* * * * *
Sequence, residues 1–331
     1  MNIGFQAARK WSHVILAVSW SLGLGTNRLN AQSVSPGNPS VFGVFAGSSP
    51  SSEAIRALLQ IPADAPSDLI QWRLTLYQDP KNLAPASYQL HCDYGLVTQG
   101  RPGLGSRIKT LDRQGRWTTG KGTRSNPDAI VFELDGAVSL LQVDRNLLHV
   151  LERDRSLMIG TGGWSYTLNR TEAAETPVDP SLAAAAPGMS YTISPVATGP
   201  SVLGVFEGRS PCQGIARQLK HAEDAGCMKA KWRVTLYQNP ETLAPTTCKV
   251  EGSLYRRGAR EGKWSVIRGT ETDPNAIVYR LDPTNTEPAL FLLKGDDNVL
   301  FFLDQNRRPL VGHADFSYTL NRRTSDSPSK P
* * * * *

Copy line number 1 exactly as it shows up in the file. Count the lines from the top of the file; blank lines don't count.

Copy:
Sequence, residues 1–331